Assessing the Quality of Survey Data 2
|Convenor||Professor Joerg Blasius (University of Bonn )|
The Household Finance and Consumption Survey is an initiative to collect micro-data on household income and wealth among the Euro Area countries. The sampling designs used may involve components such as stratification, clustering, oversampling, weighting adjustments for unit non-response and calibration. In this presentation, we intend to measure the effect of these features on accuracy. We rely on the concept of design effect, which measures the gain or loss in sampling precision caused by using a complex design. The design effect factor will be decomposed to account for the specific effects of unequal weights, imputation and other components.
In a preceding study random route instructions were tested for their theoretical property to select respondents with equal probability. All routes failed to achieve this necessary assumption. This survey reproduces and extends the analysis to deviations in variables. Registration office data are applied to verify the negative impact of biased household selections on survey results. All tested random route instructions lead to biased expected values in multiple variables. The strongest errors were found in variables that were related to the spatial location of a household. The talk closes with a proposal how to improve random route samples.
Interviewers influence data quality in surveys unintentionally or intentionally. We analyse influences of interviewers’ characteristics and payment schemes on falsified and real data. The analysis is based on data of a large scale experimental study, which includes both real and falsified interviews. For this experimental study, the interviewers’ payment was subject to two different conditions, namely payment per completed interview and payment per hour. The impact of payment, gender and other interviewers' characteristics is analysed. Empirical results are presented, and a conclusion is drawn regarding the impact of payment scheme on survey data quality.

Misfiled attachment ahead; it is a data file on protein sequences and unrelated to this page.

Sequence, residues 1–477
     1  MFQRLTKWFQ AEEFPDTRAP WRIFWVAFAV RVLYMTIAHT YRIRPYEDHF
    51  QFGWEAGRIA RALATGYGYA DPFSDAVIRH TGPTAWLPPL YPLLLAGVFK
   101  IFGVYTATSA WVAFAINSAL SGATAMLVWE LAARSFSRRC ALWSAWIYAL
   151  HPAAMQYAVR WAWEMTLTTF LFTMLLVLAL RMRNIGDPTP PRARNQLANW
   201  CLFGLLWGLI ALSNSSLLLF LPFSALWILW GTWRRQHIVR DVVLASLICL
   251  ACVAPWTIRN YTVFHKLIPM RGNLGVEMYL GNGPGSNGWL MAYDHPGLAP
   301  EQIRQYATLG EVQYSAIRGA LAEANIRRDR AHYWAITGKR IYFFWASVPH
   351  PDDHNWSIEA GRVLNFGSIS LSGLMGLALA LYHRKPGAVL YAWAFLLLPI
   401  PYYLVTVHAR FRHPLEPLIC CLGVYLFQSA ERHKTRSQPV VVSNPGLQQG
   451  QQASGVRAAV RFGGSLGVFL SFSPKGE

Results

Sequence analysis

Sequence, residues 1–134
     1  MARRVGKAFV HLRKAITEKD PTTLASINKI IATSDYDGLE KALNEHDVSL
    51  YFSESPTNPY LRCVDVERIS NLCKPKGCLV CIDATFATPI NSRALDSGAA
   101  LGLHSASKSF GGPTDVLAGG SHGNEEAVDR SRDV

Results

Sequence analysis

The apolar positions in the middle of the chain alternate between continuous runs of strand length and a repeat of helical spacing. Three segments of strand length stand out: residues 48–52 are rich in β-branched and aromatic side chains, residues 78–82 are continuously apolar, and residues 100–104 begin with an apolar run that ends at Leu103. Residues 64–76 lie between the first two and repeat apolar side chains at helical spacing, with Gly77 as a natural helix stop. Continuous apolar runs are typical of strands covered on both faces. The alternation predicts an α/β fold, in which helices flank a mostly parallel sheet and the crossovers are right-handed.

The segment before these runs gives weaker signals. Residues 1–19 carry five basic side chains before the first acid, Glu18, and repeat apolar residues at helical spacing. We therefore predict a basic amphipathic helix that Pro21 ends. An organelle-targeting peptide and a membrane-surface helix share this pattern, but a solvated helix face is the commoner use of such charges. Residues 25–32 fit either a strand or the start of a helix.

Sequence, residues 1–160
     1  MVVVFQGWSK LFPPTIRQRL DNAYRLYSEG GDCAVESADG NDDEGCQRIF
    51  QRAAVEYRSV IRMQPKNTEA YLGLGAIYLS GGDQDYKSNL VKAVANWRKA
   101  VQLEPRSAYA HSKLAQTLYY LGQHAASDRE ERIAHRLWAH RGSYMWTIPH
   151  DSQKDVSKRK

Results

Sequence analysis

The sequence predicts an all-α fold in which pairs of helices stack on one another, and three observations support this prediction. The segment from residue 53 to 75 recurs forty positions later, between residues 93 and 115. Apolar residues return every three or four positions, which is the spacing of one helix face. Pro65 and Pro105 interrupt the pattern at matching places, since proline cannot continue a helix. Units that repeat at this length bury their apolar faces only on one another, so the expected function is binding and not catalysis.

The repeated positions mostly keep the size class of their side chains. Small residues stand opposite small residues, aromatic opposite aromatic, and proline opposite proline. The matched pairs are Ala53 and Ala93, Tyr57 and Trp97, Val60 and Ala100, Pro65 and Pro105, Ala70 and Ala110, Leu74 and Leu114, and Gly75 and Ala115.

We consider two separate, but equally problematic measurement concerns that may arise with the use of discontinuous online panel respondents: 1) whether or not repeatedly asking respondents their opinions changes them; and 2) that the high frequency of surveying the same individuals for extrinsic rewards may reduce the overall quality of respondent data. We find evidence of panel conditioning in the form of decreased survey duration times, increased political sophistication and non-differentiation of responses. Furthermore, we provide evidence that online survey panel respondents are less likely to optimize their responses than respondents in traditional probability modes.
Surveys amongst experts (e.g. Delphi studies) often report the level of agreement amongst respondents by means of Cohen’s Kappa as an indicator of data quality . The three reasons for the use of kappa or its generalisations are 1) the approach respects the qualitative measurement scale of involved variables, 2) it quantifies agreement rather than associations and 3) it adjusts for agreement that occurs solely by chance. In practice the latter reason for using Kappa yields contra-intuitive results. This paper investigates the issue of Kappa being unable to distinguish object-specific characteristics from rater-specific characteristics.